The Federal Reserve lacks the tools to sufficiently grow our economy.
The minutes of the most recent Fed policy committee meeting at the end of April suggests the central bank is perplexed that worker employment and income are growing yet inflation remains below the 2 percent target for nearly three years and consumption and investment are stalling. While job growth improved in April - bringing unemployment down to 5.4 percent - industrial production is lackluster and retail sales were flat from the previous month.
At the start of the year, several members of the Fed believed the labor market would firm up and inflation would exceed the 2 percent target relatively soon, requiring the Fed to increase interest rates by mid-year to prevent an “overheating” of the economy. Based on this past meeting, most do not believe the economy could weather a rate hike that soon.
Investors expect to see a single rate increase by the end of the year, as reflected in current asset price levels.
The Fed sets monetary policy through a committee consisting of up to seven Washington-based officials and presidents of the 12 regional Fed banks across the country. The short-term federal funds rate has hovered near zero for almost seven years since late 2008.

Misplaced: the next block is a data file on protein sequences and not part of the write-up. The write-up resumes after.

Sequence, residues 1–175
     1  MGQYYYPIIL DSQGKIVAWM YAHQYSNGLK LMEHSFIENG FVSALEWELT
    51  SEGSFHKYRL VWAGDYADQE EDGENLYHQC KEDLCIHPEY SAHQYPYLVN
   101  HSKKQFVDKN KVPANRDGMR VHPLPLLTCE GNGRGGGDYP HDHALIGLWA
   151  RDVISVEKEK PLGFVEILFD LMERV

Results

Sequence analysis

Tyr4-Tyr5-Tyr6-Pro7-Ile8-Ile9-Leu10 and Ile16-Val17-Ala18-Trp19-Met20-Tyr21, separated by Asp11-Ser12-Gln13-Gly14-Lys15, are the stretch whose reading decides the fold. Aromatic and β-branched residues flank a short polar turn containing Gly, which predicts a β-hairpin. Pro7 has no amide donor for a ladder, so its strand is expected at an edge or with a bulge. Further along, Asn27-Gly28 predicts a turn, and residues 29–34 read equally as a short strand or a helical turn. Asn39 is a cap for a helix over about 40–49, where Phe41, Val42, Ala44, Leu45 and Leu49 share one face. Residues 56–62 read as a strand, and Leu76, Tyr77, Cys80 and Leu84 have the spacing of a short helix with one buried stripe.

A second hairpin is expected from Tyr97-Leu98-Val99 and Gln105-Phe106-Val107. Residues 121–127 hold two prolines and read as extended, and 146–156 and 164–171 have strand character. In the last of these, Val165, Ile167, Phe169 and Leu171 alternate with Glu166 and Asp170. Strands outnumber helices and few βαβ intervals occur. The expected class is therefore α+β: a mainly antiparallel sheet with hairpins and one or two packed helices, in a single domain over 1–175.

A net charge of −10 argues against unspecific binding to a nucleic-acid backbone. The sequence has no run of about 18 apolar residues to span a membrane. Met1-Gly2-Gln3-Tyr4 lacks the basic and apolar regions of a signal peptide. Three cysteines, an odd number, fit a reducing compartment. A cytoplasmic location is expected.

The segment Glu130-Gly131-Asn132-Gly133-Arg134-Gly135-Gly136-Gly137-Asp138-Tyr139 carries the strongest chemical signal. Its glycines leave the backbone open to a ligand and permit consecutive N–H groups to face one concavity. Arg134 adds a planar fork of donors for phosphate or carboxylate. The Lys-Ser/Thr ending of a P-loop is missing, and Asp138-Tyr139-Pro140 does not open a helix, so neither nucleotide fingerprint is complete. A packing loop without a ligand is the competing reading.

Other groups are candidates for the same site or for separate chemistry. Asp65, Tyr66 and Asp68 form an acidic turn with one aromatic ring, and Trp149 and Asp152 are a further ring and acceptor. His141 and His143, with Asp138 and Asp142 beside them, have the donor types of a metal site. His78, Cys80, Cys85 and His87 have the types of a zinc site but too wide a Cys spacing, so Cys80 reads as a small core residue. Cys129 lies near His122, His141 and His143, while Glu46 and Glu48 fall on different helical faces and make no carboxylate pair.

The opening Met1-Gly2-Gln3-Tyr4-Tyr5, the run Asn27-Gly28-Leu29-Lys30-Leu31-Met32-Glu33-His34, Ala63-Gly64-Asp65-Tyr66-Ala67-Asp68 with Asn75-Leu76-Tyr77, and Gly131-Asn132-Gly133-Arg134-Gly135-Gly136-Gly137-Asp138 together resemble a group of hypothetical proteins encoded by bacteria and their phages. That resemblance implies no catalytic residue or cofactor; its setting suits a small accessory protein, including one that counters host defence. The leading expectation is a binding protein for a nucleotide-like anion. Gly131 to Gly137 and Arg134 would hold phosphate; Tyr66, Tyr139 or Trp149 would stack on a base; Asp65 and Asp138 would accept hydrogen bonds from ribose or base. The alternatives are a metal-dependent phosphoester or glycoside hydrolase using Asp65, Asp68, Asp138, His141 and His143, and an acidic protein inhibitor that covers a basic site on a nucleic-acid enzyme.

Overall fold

Economic growth stalled in the first quarter due to weather conditions, quirks in government data reporting, the appreciation of the U.S. dollar that decreased net exports, and falling oil prices that limited investment and did not result in a rise in consumer spending. The Commerce Department reported that retail sales were unchanged from March to April.
Unfortunately, much of the Fed’s optimism for the economy and labor market in the medium term was based on a robust rise in consumer spending, which has not materialized. Also, the Fed believes the effects of the dollar and oil may have prolonged negative effects going forward.
More importantly, the Fed is concerned that it may need to focus more on the long term effects of raising interest rates. When they reduced their bong buying program in 2013, rates increased leading to higher mortgage rates and a housing slowdown.
Rather than reducing the money supply, the Fed is planning an untested approach to raise interest rates: paying banks to limit lending. That is, the Fed will provide a high rate of interest to the member bank reserves held at the central bank, so the banks need not lend it to business and consumers. The details of this mechanism are in flux, leading to investor apprehension.
In essence, the Fed is intentionally looking to reduce lending and business investment.
Direct domestic business investment is the key driver of long-term, sustainable economic growth. Investment
in employment and capital expenditures will boost jobs, productivity
and inflation-adjusted wages. Ironically, the Fed’s policy will further undermine the objective they wish to accomplish: namely, economic growth.
Again, it’s time to put growth first.
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